Obituary: Sir Michael Beetham, marshal of the RAF

Born: 17 May, 1923, in London. Died: 24 October, 2015, in Fakenham, Norfolk, aged 92.

Sir Michael James Beetham, Marshal of the RAF flew in the Second World war and led troops in the Falklands. Picture: Contributed

Sir Michael Beetham was a rare breed, a career serviceman who, inspired by the heroics of the British, Canadian, Polish and Czech Spitfire and Hurricane pilots during the initial exchanges of the Battle of Britain, volunteered shortly after to join the RAF, winning the DFC and progressing to the pinnacle of the service having masterminded the legendary, long-range Vulcan bombing raid during the Falklands War. Upon retirement he became president of the Bomber Command Association and was instrumental in campaigning for a fitting memorial to the 55,573 bomber crew who lost their lives during the Second World War.

Aged 18, Beetham joined the RAF in early 1941 after witnessing the RAF fighters engaging Luftwaffe bombers over the Solent and Portsmouth Harbour in the summer of 1940. He later recalled telling his father, “That’s for me!”

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Upon enlisting, he was posted to Florida where he was awarded his wings by the US Air Force. Once home, he trained in Wellington and ­Lancaster bombers and by October 1943, he was flying with 50 Squadron based at Skellingthorpe near Lincoln. He once mused, “In common with almost all the other pilots, I was in the slightly peculiar position of being able to fly a four-engine heavy bomber without being able to drive a car.”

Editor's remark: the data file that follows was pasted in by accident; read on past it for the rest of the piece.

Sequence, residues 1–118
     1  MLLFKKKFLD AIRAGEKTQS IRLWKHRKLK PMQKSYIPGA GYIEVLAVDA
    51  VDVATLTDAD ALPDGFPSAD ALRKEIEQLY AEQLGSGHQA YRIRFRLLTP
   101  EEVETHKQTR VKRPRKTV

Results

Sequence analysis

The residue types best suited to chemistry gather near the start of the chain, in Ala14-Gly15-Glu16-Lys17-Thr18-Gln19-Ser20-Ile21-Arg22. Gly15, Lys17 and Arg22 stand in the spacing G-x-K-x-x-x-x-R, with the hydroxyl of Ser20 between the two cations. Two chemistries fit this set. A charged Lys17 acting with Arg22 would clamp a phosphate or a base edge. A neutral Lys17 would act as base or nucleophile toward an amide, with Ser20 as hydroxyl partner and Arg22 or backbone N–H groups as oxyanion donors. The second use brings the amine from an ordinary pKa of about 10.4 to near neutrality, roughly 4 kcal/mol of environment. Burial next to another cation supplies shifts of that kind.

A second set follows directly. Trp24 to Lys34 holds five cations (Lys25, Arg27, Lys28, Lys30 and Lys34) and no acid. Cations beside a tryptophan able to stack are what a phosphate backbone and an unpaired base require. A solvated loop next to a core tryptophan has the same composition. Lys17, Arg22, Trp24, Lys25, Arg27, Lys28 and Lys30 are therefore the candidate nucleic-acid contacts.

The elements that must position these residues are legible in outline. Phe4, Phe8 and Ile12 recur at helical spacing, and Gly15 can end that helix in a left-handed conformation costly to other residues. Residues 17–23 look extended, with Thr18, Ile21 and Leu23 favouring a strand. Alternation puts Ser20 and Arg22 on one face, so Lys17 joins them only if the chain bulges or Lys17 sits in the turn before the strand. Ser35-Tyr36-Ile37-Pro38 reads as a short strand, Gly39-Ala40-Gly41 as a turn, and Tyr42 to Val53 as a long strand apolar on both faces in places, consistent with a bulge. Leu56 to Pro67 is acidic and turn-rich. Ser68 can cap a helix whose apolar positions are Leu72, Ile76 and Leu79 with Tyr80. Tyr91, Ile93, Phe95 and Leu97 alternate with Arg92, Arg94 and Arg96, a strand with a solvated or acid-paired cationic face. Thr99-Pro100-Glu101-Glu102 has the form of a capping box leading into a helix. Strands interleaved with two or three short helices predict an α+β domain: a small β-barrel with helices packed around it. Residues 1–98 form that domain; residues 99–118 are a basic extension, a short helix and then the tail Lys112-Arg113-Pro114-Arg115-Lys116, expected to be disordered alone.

By the time he had reached his 21st birthday he had completed a tour of operations as captain of a Lancaster bomber. Beetham took part in the catastrophic raid to Nuremberg, on 30 March, 1944, when 96 of the 795 bomber force failed to return, with the loss of more men in one night than in the entire Battle of Britain. He later recalled his sense of foreboding about the mission, explaining, “We were expecting the raid to be cancelled... We didn’t usually fly during the full moon period because it was too easy for German fighters to spot us.”

With Bomber Command suffering the highest losses, Beetham was hit on numerous occasions, but was forced to bail out only once after a training exercise went wrong; two of his crew perished. He went on to complete 30 operations over Germany. Assessed as an exceptional pilot, he was awarded the DFC for his gallantry, leadership and “outstanding courage and devotion to duty”.

Born in Muswell Hill, north London, in 1923, Michael James Beetham was the son of Eva and Major George Beetham, MC, whose families had a strong military tradition. Educated at St Marylebone Grammar School, he was not particularly academic, but excelled at sports, particularly cricket and rugby.

Post-war, he was offered a permanent commission and was involved in “Operation Exodus”, the repatriation of PoWs. In August 1949 Beetham took command of No 82 Squadron and spent three years flying Lancasters on aerial surveys for the Colonial Office in East and West Africa before becoming squadron leader and bringing the new V-bombers into service.